Weatherhead School

Peter B. Lewis Building at the Weatherhead School of Management

Named for the Cleveland philanthropist who donated $36.9 million towards its construction, the Peter B. Lewis Building was designed by Gehry Partners, LLC . The five story facility is decentralized in its design to facilitate informal interaction between faculty and students.

This undulating 22 Ga. Stainless Steel Metal surface creates an appearance of an unbroken ribbon of metal. The metal surface on the stainless steel was mechanically finished to provide a #4 Satin surface, more reflective than Angel Hair® or Glass-Bead, but much more diffused than a mirror-finish.

Each shingle was stamped into a custom Zahner flat seam panel that interlocked with the adjoining panels. This tessellating pattern is made possible by the SuperFlat Seam™ system, which allows these panels to lay flat.


Aerial view of Weatherhead from Bing Maps.


Construction of the Weatherhead School in Cleveland.


Curvilinear forms of the Peter B. Lewis Building.


The stainless steel surface ripples reflections of the clouds.


Detail of the Weatherhead metalwork.


Reflective metal on the Peter B. Lewis Building.


Detail of the Weatherhead School's metal patterned roof.


Construction of the Weatherhead School, prior to peeling the skins.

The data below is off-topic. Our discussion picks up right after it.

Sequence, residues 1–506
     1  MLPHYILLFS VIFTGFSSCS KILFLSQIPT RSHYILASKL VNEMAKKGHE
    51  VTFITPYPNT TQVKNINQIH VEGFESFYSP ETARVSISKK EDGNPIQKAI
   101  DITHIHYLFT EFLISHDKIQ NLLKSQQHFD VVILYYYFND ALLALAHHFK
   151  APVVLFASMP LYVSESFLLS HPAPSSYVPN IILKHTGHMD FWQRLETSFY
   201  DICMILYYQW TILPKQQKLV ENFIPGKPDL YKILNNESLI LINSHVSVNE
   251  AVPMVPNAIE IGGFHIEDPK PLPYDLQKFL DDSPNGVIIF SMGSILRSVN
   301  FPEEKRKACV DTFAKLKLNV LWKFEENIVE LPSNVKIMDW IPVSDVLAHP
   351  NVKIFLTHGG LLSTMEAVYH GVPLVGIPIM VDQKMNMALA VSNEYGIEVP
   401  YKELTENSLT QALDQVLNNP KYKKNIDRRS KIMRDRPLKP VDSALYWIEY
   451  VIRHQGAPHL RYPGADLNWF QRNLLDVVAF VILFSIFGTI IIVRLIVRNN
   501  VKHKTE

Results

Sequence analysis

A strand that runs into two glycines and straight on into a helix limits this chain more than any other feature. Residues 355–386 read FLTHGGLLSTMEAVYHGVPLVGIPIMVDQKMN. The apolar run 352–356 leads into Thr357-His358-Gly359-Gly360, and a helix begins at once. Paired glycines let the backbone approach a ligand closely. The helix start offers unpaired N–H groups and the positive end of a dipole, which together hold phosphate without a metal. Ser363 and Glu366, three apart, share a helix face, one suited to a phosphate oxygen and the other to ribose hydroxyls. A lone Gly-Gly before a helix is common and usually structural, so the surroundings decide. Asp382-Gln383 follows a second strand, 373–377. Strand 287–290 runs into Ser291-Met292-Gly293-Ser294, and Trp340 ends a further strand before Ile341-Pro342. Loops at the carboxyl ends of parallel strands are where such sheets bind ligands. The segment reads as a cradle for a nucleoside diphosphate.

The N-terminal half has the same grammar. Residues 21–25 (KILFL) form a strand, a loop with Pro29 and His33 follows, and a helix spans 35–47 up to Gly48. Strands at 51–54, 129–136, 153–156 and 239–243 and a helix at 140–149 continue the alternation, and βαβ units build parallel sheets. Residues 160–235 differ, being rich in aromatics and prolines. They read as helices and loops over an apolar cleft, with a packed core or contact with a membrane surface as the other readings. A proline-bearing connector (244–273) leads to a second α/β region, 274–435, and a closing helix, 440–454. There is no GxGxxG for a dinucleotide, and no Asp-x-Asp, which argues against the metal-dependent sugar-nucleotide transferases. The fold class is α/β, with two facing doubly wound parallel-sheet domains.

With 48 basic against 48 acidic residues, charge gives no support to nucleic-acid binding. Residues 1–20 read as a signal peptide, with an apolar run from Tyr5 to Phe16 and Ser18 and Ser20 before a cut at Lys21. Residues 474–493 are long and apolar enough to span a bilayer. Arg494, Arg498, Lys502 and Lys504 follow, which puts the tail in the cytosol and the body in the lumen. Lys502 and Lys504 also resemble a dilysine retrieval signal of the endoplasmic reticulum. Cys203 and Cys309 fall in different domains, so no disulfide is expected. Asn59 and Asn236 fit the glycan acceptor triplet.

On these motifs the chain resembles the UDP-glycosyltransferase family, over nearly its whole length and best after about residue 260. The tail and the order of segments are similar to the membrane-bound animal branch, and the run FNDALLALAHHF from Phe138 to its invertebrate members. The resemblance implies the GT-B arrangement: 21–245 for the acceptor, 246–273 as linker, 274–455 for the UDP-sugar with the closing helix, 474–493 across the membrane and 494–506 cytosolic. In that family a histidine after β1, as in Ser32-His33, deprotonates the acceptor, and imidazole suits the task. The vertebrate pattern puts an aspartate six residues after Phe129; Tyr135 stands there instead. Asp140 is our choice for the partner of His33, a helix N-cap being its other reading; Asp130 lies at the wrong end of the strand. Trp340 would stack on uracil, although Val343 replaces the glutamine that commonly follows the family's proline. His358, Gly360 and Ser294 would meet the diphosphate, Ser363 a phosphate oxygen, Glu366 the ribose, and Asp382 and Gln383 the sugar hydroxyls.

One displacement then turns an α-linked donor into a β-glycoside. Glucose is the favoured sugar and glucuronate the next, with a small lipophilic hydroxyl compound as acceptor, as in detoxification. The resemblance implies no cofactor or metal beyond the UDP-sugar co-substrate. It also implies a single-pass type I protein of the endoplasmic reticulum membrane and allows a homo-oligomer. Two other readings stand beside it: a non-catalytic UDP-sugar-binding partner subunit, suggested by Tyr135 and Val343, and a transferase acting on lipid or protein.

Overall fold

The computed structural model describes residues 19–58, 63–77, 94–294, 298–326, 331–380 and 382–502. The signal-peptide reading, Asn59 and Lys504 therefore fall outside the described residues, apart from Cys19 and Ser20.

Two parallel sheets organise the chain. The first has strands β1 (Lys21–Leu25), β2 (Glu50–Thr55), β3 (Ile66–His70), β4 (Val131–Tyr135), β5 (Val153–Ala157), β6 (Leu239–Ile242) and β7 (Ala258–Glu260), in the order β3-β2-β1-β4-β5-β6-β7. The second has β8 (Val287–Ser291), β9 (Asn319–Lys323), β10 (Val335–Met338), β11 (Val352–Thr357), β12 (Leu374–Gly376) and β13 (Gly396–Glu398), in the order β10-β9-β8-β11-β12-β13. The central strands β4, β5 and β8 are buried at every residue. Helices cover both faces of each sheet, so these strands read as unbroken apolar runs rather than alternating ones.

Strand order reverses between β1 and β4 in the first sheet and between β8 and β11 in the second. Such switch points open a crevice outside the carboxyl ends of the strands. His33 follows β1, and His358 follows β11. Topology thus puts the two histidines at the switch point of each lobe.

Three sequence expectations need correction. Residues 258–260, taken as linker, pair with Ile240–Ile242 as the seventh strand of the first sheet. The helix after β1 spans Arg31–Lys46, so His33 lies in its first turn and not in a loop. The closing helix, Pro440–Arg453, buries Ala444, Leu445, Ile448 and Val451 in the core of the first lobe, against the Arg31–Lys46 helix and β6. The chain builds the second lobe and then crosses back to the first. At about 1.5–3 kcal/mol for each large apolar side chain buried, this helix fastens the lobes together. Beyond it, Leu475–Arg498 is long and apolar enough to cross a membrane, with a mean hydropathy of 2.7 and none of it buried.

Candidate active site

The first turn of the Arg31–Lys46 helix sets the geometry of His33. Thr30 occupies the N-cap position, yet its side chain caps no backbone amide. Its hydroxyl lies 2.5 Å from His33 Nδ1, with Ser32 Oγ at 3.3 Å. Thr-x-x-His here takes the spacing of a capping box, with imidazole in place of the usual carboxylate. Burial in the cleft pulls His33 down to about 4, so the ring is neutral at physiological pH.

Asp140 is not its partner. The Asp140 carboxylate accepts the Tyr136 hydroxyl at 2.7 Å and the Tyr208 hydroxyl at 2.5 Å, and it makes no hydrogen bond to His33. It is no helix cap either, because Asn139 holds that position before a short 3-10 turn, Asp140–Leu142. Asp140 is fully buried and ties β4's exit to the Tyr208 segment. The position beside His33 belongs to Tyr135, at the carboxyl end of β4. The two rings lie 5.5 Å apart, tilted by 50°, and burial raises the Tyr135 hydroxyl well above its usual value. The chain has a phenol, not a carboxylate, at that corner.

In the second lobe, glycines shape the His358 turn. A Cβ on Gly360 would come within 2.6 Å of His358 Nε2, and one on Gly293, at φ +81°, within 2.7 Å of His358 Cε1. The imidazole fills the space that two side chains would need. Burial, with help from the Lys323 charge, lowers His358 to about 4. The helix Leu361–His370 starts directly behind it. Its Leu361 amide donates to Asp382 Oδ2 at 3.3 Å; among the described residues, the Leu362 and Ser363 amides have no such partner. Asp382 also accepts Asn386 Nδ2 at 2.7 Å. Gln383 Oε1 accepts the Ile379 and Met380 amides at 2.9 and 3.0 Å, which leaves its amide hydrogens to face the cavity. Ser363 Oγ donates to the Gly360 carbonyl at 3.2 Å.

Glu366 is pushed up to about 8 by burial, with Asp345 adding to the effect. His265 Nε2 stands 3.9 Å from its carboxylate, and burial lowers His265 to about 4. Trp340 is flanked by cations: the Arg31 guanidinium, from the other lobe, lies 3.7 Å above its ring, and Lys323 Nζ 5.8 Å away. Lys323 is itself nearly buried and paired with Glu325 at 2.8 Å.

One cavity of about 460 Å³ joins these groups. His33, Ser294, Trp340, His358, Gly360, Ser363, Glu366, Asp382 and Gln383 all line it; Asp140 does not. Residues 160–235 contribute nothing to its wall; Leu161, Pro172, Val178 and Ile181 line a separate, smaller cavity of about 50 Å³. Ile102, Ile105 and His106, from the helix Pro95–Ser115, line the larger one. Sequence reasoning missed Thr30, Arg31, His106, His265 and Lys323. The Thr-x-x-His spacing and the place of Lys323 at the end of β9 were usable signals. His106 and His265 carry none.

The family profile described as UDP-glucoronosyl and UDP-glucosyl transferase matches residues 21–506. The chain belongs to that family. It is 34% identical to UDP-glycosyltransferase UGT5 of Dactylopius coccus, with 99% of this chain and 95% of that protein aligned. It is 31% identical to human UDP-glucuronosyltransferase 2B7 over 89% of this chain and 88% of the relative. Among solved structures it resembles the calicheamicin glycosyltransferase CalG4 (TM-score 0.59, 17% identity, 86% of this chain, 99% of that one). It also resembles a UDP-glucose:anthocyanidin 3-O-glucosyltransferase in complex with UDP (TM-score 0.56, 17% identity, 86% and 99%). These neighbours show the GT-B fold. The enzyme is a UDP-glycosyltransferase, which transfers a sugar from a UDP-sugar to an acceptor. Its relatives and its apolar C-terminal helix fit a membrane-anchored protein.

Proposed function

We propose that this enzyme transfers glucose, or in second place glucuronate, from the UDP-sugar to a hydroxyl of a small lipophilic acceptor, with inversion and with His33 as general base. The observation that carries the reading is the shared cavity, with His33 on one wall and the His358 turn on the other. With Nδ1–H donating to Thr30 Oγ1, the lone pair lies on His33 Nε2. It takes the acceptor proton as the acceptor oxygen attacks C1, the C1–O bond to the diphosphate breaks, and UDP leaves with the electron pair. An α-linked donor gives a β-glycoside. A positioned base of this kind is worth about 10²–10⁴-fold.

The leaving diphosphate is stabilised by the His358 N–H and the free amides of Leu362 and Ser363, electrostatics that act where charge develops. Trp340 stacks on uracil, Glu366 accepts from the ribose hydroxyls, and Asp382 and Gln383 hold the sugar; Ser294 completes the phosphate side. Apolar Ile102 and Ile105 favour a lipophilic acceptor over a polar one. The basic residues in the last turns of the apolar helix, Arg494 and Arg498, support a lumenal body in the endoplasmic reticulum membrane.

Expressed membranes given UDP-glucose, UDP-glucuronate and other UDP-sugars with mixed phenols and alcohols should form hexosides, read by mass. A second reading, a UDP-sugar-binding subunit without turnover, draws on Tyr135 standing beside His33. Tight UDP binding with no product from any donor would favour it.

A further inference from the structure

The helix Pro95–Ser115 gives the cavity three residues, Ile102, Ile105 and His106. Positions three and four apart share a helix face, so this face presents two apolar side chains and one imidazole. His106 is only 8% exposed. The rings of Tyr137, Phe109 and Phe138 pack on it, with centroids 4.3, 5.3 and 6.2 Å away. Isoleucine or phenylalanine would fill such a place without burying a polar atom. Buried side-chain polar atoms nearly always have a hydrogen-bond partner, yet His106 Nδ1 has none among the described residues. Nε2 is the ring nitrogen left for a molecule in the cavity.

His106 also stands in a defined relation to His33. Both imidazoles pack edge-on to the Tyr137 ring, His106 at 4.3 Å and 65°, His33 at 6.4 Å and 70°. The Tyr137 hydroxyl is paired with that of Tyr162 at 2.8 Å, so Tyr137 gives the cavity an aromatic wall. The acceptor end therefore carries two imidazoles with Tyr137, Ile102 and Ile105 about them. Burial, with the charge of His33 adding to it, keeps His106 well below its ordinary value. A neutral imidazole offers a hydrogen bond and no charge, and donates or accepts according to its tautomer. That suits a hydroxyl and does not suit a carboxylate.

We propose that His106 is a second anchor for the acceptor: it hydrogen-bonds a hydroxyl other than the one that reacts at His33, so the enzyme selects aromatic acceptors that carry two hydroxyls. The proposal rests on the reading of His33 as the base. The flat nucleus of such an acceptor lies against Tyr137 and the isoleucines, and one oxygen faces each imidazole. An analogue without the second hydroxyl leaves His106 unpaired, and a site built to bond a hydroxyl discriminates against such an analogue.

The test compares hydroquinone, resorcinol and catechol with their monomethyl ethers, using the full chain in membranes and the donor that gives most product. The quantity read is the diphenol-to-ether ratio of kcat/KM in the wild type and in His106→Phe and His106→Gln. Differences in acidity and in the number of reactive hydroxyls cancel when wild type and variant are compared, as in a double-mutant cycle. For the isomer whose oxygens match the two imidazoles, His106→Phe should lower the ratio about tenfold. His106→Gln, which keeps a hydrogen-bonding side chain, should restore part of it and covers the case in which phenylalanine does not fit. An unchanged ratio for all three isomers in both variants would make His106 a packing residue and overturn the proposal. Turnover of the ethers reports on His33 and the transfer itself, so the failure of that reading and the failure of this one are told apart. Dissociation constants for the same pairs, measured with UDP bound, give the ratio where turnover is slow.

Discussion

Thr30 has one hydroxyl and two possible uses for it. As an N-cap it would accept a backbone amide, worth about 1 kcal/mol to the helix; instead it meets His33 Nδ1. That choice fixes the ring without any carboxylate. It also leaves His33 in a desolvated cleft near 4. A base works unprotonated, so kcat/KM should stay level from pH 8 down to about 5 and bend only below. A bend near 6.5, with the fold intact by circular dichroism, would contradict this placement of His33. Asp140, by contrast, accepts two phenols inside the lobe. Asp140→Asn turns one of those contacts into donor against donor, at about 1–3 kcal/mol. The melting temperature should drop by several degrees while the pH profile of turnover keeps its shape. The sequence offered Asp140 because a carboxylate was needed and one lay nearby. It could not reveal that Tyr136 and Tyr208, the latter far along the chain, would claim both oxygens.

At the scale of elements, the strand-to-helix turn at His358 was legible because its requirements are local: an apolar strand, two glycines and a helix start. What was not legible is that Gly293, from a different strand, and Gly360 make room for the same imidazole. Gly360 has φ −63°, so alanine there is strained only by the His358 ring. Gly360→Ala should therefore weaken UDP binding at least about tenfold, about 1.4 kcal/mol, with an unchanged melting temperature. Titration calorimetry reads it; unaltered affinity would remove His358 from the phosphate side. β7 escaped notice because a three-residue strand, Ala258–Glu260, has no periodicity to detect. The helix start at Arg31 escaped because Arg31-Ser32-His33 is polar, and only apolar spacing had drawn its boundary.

Completed photograph of the Weatherhead School.


Upward view of the Weatherhead School.

Learn more about the Weatherhead School

The Weatherhead School was completed in 2002, and is a private business school of Case Western Reserve University located in Cleveland, Ohio.

In 2012, a new building for the Museum of Contemporary Art (MOCA Cleveland) was designed and built on an adjacent site not far from the Peter B. Lewis Building at Weatherhead School. Designed by Farshid Moussavi Architects, the building's facade was fabricated by Zahner.


Aerial view of Weatherhead School adjacent to the upcoming MOCA Cleveland.

Weatherhead School Further Reading

The Peter B. Lewis Building for the Weatherhead School at Case Western was met with critical acclaim. Below are some links to further reading about the building, as well as internal resources on the products and services that Zahner used to build the undulating facade.

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